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CJF(!'d. 'l IIC NO. -:.r::r . .. F ILE CHANG60 (CREATION DATE s 83/04/27 . J FILE CHANG70 I CREATION DATE • 83/04127. l FILE CHANG80 !CREATION DATE • 83/04/27. 1 SCA TTERGRAH OF (DOWN l TOHOUS I ACROSS l TONOWA SCA TTERGRAH OF IDOWNI TOHOUS lACROSS) TONOWA SCA TTERGRAH OF I DOWN l TOHOUS IACROSSI TONOWA 20.00 18.00 16.00 14.00 12.00 10.00 8 .00 6 .00 4 .00 2 .00 0 l. 00 3 .00 5 .00 7 .00 II. . +------------------------------------1 I 1 -----------------------------------------1 I 20 00 18.00 16.00 14.00 12.00 10.00 8 .00 1-------------------------------------------I I I I • I I I I I I I • 2 I I I • I I • • I ' I I 22 I :. . ---; +--1 6 .00 4 .00 2 .00 0 1 .00 3 .oo 5 .oo 1 .oo Sl.qo 11. . -----------+----+------------------------. • 18.00 16.00 14.00 I 1----------------------------------------------------. I I I I I 12.00 I I I I I 10.00 I I I I I 8.00 I• I I 1-----------------------------------------------------I I I 6.00 .. . . 2 I I• I I I I I I I I I I I I I I . ... ---------------------------------------4 0 2 .00 4 .00 6 .00 8 .00 10.00 4.00 2 .00 0 1 .00 3 .00 5 .00 7.00 8 .00 11.00 13.00 15.00 .•---------------------------------------------------------+ • I 1-------------------------------------------------------------------------1 I I I 1---------------------------------------------------------------I I 2 3 • 2 I I I •I I •I I I• I I I I I I I I . ---+------+------+-----------------+----.-----+---------. 0 2 .00 4 .00 8.00 8 .00 10.00 12.00 14.00 1,.

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l C NO. 2 4 F ILE CHAN060 lCREATION OATE • 83/04/27. ) FILE CHANG70 !CREATION DATE • 83/04/27. 1 FILE CHANG80 I CREATION DATE • 83/0./27. l SCATTERGRAM OF IDOWNl TOHOUS I ACROSSl TONOSE SCATTERGRAM OF I DOWN l TOHOUS lACROSS> TONOSE SCA TTERGRAI'I OF I DOWN l TOHOUS IACROSSl TONOSE 1 .00 3 .00 !1.00 7 .00 8 .00 I. 00 3 .00 7 .00 8 .00 1 .00 3 .00 11.00 7 .00 8 .00 . + ----+ ---+---+ ---+--+ ---+ ----+--------+--. +----+ ----+----+------+----------------. --+-----------------------+ -2 0 .00 20.00 20.00 18.00 16.00 14 .00 1 2 .00 10.00 8 .00 6 .00 4 .00 2 .00 0 I 1-------------------------------1 I 1 -------------------------------------------I I I 2 2 22 . + ---------+------+----+--+----+ -------0 2 .00 4.00 6 .00 8 .00 10. 18.00 16.00 14.00 12.00 10.00 8 .00 6 .00 • . oo 2 .00 0 I I I I I---------------------------------1 I I I I I I I--------------------------------------------------I 2 • 2 2• 2 2 2 . +---+ ----+------+---------0 2 .00 •. oo 6 .00 +----+----+---.. 8 .00 10. 18.00 16.00 1•.oo 12.00 . I 1 -------------------------------------------------1 I 10.00 + I I I I a .oo . . + • . I I l ------------------------------------------------1 I & .00 I I I I I • . 00 I I I I 2 2 I I I I 3 I 2 .00 I 2 I o • I ••• I I 0 I p 2 .00 • . 00 & .00 8 .00 10.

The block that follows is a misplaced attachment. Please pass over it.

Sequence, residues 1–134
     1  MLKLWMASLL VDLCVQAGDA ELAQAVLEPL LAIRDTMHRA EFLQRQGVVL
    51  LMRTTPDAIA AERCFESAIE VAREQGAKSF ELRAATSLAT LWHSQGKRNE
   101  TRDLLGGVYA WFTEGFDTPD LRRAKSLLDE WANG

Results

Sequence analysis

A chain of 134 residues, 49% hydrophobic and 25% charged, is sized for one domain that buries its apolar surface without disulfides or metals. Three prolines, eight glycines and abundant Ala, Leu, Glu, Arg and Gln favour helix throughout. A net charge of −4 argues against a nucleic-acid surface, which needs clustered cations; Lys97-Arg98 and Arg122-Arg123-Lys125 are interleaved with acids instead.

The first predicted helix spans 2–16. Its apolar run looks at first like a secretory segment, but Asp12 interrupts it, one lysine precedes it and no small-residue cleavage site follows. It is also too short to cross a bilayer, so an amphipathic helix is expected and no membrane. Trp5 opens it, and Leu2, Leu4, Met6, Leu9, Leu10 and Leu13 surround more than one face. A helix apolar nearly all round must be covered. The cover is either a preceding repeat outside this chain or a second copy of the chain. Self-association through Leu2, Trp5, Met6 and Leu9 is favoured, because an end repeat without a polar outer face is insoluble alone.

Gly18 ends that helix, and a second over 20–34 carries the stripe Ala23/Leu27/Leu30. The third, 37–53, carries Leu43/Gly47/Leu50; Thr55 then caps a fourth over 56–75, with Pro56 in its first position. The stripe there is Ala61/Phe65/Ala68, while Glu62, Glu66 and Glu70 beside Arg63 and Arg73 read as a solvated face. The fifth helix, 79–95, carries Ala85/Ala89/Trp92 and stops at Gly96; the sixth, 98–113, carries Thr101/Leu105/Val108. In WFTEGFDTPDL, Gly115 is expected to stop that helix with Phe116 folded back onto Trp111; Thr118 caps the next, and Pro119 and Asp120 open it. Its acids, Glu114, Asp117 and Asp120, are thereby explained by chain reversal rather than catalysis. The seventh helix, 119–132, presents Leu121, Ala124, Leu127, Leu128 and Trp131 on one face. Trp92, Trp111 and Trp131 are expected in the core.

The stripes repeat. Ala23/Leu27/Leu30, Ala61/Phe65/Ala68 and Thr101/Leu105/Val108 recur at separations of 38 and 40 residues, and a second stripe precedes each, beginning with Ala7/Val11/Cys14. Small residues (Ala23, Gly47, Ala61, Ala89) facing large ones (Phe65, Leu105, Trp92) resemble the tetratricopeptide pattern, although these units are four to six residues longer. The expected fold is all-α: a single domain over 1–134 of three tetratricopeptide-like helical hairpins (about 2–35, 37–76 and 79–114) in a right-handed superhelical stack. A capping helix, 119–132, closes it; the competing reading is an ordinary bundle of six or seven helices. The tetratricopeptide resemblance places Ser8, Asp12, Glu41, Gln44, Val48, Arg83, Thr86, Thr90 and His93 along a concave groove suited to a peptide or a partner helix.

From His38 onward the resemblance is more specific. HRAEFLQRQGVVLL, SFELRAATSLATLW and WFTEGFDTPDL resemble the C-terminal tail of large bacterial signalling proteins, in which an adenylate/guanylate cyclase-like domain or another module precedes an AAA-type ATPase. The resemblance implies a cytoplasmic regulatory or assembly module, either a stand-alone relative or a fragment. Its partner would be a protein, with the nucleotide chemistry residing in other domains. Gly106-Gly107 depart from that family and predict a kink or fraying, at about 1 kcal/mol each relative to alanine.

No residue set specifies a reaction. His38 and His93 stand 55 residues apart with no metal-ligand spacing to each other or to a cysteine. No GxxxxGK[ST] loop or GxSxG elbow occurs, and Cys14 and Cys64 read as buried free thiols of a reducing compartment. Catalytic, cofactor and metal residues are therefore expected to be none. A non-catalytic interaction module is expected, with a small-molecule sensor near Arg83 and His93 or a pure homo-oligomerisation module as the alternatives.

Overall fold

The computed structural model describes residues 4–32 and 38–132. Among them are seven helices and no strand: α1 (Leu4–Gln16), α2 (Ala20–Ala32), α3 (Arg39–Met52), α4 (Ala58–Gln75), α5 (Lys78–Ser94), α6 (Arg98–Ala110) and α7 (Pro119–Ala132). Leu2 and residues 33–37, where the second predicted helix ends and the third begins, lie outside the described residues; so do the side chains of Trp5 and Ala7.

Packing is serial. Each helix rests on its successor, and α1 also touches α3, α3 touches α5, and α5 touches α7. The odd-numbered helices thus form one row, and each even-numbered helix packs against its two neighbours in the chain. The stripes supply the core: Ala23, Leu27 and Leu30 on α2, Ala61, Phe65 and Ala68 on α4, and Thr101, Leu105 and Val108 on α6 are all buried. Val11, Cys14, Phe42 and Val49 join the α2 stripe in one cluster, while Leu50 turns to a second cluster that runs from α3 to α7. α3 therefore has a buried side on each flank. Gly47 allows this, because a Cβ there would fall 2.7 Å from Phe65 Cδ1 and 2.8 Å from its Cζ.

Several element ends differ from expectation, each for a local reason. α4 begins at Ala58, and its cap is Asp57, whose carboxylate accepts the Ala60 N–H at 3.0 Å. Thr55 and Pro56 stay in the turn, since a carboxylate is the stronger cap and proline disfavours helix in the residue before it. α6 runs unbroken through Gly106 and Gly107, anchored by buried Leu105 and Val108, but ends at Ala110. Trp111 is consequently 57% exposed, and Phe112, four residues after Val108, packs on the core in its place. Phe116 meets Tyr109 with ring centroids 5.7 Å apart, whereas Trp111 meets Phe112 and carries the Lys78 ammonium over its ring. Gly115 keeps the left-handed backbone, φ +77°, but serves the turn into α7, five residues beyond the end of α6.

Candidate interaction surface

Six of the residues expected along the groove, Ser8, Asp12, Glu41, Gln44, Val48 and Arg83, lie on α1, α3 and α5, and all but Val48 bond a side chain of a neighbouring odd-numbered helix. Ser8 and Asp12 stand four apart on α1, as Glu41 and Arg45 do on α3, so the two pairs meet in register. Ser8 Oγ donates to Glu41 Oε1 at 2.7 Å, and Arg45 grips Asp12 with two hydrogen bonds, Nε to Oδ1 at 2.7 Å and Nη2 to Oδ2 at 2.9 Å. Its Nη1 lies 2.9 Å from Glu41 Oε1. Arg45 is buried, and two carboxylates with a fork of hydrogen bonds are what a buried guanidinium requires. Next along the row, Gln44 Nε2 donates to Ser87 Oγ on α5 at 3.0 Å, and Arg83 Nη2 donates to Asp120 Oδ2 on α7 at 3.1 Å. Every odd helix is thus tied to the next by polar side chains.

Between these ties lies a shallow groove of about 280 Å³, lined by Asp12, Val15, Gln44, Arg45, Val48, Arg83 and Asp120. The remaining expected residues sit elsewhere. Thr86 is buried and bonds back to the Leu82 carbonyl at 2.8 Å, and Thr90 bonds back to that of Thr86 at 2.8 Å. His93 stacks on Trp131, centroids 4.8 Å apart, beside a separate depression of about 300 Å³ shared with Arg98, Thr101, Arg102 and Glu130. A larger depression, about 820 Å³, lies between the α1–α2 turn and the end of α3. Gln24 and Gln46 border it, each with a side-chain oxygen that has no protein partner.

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HOUWSEW,MEINPO,DENPOPU,HOUOWNE,FEDINVE,PERCARE,NULOCAL INPUT MEDIUM CARD N OF CASES 32 INPUT FORMAT FIXEDCF2. 0, 13X , F3. 1, 1X, F3. 1 , 1X, F3. 1, 1X, F3. 1, 1X, F3. 1, 1X, F3. 1, 1 X, F4. 2, 1 X, F4. 2, 1 X, F3. 1 , 1 X, F5. 1, 1 X, F3. 1, 1 X, F3. 1, 1 X, F3. 1, 1 X, F4. 0) READ INPUT DATA 01 AGUASCAL. 003 007 010 520 030 007 4721 5540 032 00444 504 003 003 0755 02 B . CAL. N. 027 015 029 679 342 015 4971 6790 088 00074 770 027 035 0437 03 B .CAL. S . 002 002 002 148 005 002 6979 7933 060 00011 563 004 037 1202 04 CAMPECHE 003 005 005 193 002 005 7646 8022 041 00033 568 006 026 0486 05 CHIAPAS 032 026 038 386 019 026 5836 7000 036 00060 462 025 077 2229 06 CHIHUAHUA 003 005 006 200 005 005 5853 6776 046 00316 506 016 003 0456 07 COAHUILA 013 035 009 047 016 035 8500 8615 032 00163 682 011 034 6717 08 COLIMA 043 035 042 383 104 035 5824 6595 060 00050 053 126 4264 09 DURANGO 013 022 014 176 010 021 8150 8238 038 00061 610 013 061 2468 10 DIST.FED. 373 139 369 993 407 141 2452 2655 046 32933 208 201 001 0105 1 1 GUANAJUATO 025 049 043 236 015 049 7559 7917 043 00569 569 027 016 4792 12 GUERRERO 014 034 007 036 016 035 9046 8906 043 00184 733 021 032 3239 13 HIDALGO 011 028 007 064 009 028 8348 8549 017 00477 689 009 011 2613 14 JALISCO 045 070 076 358 028 067 6215 6686 059 00302 495 034 041 8636 15 E. MEXICO 038 054 025 158 035 054 8330 8717 096 00888 630 027 011 2402 16 MICHOACAN 017 053 025 109 025 053 7834 8135 044 00309 668 027 030 5543 17 MORE LOS 007 011 009 195 008 011 6027 7014 036 00780 489 006 003 0279 18 NAYARIT 006 011 004 104 002 010 7834 8323 075 00144 673 054 014 1399 19 NUEVO LEON 063 031 055 648 027 030 4658 5471 063 00166 421 069 033 3052 20 OAXACA 012 049 007 035 010 053 9261 9235 00183 705 019 048 3256 21 PUEBLA 023 056 032 175 024 057 8041 8081 019 00583 612 037 017 2701 22 QUERETARO 004 010 006 146 003 010 8265 8339 027 00318 599 006 006 1062 23 QUINTANA R 001 001 005 002 9555 9420 00009 657 004 025 0462 24 S.L. POTOSI 013 030 017 180 015 029 8298 8330 032 00166 631 010 032 3400 25 SINALOA 025 024 017 172 015 020 7794 8037 034 00143 580 046 029 2897 26 SONORA 031 022 027 258 043 023 6247 7011 039 00043 516 025 094 4324 27 TABASCO 010 014 004 084 012 013 8514 8190 028 00196 604 055 013 1867 28 TAMAULI PAS 027 029 042 418 022 031 5575 6576 033 00129 509 088 040 4482 29 TLAXCALA 003 010 001 011 004 009 8646 8784 029 00863 696 003 002 0574 30 VERACRUZ 085 078 053 152 041 079 7381 7698 023 00380 628 104 037 7639 31 YUCATAN 014 017 015 287 031 018 8356 8235 025 00159 589 006 020 2282 32 ZACATECAS 009 023 006 046 007 023 8945 9102 037 00111 647 005 038 2982 GROINPO=PERCENTAGE OF STATE IN GROSS INTERNAL PRODUCT. TOTAPOL=PERCENTAGE OF STATE IN TOTAL POPULATION. OF STATE CLASSIFIED AS URBAN POPULATION. URBRA E=RATE OF URBAN POPULATION GROWTH IN STATE. FISREVE=PERCENTAGE OF FISCAL REVENUES OF THE STATE'S TOTAL. HOUTOTA=PERCENTAGE OF THE NATION'S HOUSING STOCK. HOUWWAT=PERCENTAGE OF HOUSING WITHOUT POTABLE WATER IN STATE. HOUWSEW=PERCENTAGE OF HOUSING WITHOUT SEWER SERVICE IN STATE. MEINPO =MEAN INCREASE IN URBAN POPULATION IN STATE. DENPOPU=POPULATION DENSITY IN THE STATE . HOUOWNE=PERCENTAGE OF OWNED HOUSING IN STATE. FEOINVE=PERCENTAGE OF FEDERAL INVESTMENT IN STATE. PERCARE=PERCENTAGE OF THE NATION'S AREA IN STATE. NULOCAL=NUMBER OF LOCALITIES/COMMUNITIES IN STATE. FINISH